It will come as news to many, no doubt, that there is a Warhol on the moon. And a Rauschenberg and an Oldenburg - a whole "Moon Museum," in fact, containing the work of six artists in all, in the form of drawings inscribed on the surface of a ceramic chip roughly the size of a thumbprint. Conceived by the artist Forrest Myers in 1969, the chip was fabricated in collaboration with scientists at Bell Laboratories and illicitly slipped by a willing engineer between some sheets of insulation on the Apollo 12 lander module.
CALIFORNIA | LOCAL
December 22, 2012 | By Scott Gold, Los Angeles Times
WATERTON CANYON, Colo. - The concrete-floored room looks, at first glance, like little more than a garage. There is a red tool chest, its drawers labeled: "Hacksaws. " "Allen wrenches. " There are stepladders and vise grips. There is also, at one end of the room, a half-built spaceship, and everyone is wearing toe-to-fingertip protective suits. "Don't. Touch. Anything. " Bruce Jakosky says the words politely but tautly, like a protective father - which, effectively, he is. Jakosky is the principal investigator behind NASA's next mission to Mars, putting him in the vanguard of an arcane niche of science: planetary protection - the science of exploring space without messing it up. PHOTOS: Stunning images of Earth at night As NASA pursues the search for life in the solar system, the cleanliness of robotic explorers is crucial to avoid contaminating other worlds.
SCIENCE
December 6, 2012 | By Amina Khan and Rosie Mestel, Los Angeles Times
Years of trying to do too many things with too little money have put NASA at risk of ceding leadership in space exploration to other nations, according to a new report that calls on the space agency to make wrenching decisions about its long-term strategy and future scope. As other countries - including some potential adversaries - are investing heavily in space, federal funding for NASA is essentially flat and under constant threat of being cut. Without a clear vision, that fiscal uncertainty makes it all the more difficult for the agency to make progress on ambitious goals like sending astronauts to an asteroid or Mars while executing big-ticket science missions, such as the $8.8-billion James Webb Space Telescope, says the analysis released Wednesday by the National Research Council.
BUSINESS
May 23, 2012 | By W.J. Hennigan, Los Angeles Times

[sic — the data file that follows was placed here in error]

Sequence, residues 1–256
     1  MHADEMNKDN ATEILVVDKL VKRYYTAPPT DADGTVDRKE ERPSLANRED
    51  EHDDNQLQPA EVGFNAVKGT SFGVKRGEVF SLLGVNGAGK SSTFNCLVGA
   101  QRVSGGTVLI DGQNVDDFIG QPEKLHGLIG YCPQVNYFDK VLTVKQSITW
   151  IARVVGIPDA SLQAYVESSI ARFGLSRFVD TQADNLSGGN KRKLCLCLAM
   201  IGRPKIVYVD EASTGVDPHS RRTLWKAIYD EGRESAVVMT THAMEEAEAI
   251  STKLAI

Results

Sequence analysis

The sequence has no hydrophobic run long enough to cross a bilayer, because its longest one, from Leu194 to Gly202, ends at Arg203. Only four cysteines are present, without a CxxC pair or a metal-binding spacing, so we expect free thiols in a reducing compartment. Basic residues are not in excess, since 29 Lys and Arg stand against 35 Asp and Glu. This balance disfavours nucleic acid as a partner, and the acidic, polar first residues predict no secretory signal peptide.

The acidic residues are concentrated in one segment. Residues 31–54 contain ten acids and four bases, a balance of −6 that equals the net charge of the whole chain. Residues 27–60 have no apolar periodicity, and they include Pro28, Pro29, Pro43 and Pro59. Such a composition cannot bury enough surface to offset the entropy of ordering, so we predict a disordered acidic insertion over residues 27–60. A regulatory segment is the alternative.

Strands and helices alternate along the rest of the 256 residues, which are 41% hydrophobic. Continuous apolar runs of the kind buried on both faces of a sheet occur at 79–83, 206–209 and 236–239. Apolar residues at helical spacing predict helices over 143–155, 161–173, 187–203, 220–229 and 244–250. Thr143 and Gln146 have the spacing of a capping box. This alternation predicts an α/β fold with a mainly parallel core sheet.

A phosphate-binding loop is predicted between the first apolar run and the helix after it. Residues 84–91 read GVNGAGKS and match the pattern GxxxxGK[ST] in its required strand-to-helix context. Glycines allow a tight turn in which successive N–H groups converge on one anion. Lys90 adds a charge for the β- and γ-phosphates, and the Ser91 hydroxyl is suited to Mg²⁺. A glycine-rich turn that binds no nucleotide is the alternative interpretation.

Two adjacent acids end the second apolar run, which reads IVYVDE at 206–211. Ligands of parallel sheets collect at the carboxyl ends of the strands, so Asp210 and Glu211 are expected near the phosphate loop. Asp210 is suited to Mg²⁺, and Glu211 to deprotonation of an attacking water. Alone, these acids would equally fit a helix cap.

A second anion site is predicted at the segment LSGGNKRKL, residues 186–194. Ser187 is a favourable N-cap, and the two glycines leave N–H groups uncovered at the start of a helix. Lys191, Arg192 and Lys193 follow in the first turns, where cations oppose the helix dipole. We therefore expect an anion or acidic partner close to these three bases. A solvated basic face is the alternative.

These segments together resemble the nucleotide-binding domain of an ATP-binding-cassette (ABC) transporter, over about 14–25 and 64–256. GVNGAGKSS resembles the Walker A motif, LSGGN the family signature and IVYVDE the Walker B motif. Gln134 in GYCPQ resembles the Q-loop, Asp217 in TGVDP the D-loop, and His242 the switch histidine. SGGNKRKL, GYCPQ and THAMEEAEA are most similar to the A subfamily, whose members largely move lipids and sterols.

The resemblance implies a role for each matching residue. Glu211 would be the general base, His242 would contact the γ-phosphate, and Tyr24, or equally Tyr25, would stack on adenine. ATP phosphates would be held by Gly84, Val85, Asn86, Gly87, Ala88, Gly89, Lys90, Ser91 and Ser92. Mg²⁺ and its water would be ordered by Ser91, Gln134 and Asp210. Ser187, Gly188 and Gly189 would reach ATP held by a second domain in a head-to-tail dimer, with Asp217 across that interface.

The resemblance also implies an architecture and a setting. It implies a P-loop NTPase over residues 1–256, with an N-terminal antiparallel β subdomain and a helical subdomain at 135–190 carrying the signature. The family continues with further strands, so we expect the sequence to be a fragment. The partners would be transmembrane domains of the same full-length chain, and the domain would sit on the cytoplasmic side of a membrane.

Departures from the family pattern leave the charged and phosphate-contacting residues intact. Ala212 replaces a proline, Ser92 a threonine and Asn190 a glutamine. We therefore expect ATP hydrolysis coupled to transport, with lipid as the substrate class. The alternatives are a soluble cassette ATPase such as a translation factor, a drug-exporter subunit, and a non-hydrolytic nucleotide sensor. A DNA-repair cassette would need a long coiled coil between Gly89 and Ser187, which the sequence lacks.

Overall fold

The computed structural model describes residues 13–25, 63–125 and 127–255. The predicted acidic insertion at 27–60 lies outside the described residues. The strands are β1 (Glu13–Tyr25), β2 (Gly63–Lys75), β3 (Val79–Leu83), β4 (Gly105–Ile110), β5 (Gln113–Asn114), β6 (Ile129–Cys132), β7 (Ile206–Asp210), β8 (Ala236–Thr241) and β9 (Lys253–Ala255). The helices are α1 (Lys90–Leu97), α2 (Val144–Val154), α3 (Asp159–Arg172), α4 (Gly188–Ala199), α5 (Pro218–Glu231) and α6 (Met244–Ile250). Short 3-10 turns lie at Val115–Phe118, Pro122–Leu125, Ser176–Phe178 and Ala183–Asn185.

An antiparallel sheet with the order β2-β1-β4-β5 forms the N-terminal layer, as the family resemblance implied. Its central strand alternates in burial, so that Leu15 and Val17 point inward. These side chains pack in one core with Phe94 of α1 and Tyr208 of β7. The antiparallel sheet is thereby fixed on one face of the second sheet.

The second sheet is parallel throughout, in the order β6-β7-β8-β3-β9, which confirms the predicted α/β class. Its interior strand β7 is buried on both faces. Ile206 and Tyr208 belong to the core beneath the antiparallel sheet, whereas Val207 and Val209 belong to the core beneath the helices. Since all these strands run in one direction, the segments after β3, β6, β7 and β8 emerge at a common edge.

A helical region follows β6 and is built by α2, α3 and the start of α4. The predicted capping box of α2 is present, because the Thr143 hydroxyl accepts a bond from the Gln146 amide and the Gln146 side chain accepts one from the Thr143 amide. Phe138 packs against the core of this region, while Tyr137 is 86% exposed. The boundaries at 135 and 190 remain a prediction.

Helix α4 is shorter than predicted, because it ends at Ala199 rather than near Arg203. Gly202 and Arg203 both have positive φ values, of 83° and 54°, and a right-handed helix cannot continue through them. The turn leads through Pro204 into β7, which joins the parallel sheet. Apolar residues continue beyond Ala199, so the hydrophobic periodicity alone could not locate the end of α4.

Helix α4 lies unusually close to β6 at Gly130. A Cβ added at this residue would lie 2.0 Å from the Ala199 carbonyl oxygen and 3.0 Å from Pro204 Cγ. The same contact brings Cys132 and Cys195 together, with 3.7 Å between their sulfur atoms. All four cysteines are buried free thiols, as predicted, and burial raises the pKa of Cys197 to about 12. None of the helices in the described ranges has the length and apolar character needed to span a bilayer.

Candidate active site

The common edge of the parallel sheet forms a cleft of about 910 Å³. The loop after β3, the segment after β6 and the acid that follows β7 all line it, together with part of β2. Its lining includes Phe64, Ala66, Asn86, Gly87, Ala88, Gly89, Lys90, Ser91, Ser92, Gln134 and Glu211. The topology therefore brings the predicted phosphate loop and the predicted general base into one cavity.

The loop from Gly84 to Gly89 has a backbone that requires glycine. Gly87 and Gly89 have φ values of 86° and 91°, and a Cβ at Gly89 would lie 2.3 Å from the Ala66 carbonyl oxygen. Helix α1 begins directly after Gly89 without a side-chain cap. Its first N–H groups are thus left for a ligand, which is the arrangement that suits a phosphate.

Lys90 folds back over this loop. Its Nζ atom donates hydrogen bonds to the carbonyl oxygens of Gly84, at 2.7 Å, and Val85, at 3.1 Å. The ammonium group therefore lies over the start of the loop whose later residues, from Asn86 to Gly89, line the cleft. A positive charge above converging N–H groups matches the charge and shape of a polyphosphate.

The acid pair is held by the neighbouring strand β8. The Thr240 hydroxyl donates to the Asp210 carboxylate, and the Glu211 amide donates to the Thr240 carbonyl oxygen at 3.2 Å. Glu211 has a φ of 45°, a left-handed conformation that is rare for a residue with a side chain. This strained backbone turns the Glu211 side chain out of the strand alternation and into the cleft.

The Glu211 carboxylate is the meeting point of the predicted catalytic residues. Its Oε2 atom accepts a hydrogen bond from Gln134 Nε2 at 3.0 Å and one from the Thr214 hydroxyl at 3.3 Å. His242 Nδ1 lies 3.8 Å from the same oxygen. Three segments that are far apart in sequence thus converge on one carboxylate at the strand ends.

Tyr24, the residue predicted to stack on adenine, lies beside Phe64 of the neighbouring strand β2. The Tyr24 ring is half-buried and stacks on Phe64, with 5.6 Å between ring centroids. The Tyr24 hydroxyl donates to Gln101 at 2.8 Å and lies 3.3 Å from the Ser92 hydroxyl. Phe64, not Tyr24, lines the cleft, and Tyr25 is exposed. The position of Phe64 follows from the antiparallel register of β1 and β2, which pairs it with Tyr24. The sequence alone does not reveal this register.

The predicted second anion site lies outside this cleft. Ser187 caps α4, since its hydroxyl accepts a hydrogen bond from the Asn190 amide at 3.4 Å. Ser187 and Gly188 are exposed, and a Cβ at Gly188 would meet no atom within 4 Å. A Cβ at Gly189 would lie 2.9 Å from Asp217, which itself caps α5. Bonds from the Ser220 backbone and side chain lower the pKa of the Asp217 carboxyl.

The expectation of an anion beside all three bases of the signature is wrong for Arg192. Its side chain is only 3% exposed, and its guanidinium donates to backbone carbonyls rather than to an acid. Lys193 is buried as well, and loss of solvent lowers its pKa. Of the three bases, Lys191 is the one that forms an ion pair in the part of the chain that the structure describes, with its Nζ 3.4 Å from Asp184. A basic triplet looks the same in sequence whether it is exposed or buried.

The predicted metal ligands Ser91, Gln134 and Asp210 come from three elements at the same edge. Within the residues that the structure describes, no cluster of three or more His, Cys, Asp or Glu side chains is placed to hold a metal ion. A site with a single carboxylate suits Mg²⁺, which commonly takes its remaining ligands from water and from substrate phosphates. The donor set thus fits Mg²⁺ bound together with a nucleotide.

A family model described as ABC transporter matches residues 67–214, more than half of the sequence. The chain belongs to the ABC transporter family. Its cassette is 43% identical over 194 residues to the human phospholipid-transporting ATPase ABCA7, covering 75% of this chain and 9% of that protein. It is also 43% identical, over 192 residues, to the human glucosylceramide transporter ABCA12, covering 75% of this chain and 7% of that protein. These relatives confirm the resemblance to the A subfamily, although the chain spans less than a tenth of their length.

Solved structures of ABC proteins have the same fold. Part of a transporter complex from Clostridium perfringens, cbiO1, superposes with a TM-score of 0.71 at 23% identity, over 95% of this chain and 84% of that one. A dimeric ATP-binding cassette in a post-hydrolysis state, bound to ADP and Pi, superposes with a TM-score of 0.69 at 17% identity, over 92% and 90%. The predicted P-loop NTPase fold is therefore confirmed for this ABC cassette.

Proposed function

In a pivotal moment for private spaceflight, a towering white rocket lifted into space a cone-shaped capsule headed for a three-day trip carrying cargo to the International Space Station and a tricky rendezvous in outer space this week. The launch Tuesday marked the first time a private company has sent a spacecraft to the space station. On a column of fire, a Falcon 9 rocket - built by Space Exploration Technologies Corp., or SpaceX - carried the unmanned Dragon capsule into space after a 3:44 a.m. EDT launch from Cape Canaveral, Fla. But the launch is just the beginning of the mission, and some of the most challenging tasks lie ahead.
BUSINESS
March 22, 2012 | By Deborah Netburn
The reviews of Angry Birds Space are in and they are -- dare we say it -- out of this world. In previous iterations of Angry Birds, Finnish game maker Rovio kept the formula of the wildly successful game the same. The birds moved to different locales and donned different costumes, but the general catapulting physics of the game remained the same. Not so in Angry Birds Space, released for download on Apple iOS, Google Android, PC and Mac on Thursday. Because the rules of gravity are different in space, and they change depending on how close you are to physical bodies, the catapulted birds sometimes act just like you would expect them to. Other times, they  float off into space (if they get beyond the gravitational pull of a planetary body)
BUSINESS
March 2, 2012 | By W.J. Hennigan, Los Angeles Times
At a launchpad in Cape Canaveral sits a spaceship atop an 18-story rocket that NASA officials hope will be the first privately built craft to dock with the International Space Station. On Thursday, the company that manufactures the spacecraft, Space Exploration Technologies Corp., performed a successful launch readiness test for its upcoming flight - an important step on the road to the space station. The company, better known as SpaceX, posted the news on its Twitter page about fueling its Falcon 9 rocket with rocket-grade kerosene and liquid oxygen as it stood vertical at its launch complex.
BUSINESS
April 19, 2011 | By W.J. Hennigan, Los Angeles Times
With NASA's fleet of aging space shuttles set for retirement at the end of the year, the space agency is looking for a new way to carry astronauts. On Monday, NASA handed out $269.3 million to four companies to privately develop rockets and spacecraft for what could be the next step in manned spaceflight. The winners included Hawthorne-based rocket maker Space Exploration Technologies Corp., or SpaceX, and Boeing Co., which develops spacecraft in Huntington Beach and uses rocket engines made by Pratt & Whitney Rocketdyne in Canoga Park.
BUSINESS
April 5, 2011 | By W.J. Hennigan, Los Angeles Times
Work is quietly underway in the South Bay on a massive 22-story rocket whose power is rivaled in the U.S. only by the mighty Saturn V rocket, which took man to the moon, in a risky private venture that could herald a new era in space flight. Dubbed Falcon Heavy, the 27-engine booster is being assembled by rocket maker Space Exploration Technologies Corp., or SpaceX, at its sprawling complex in Hawthorne where it has about 1,100 workers. The rocket, which has twice the lifting capability of the next largest launcher built by a U.S. company, is being announced Tuesday at the National Press Club in Washington.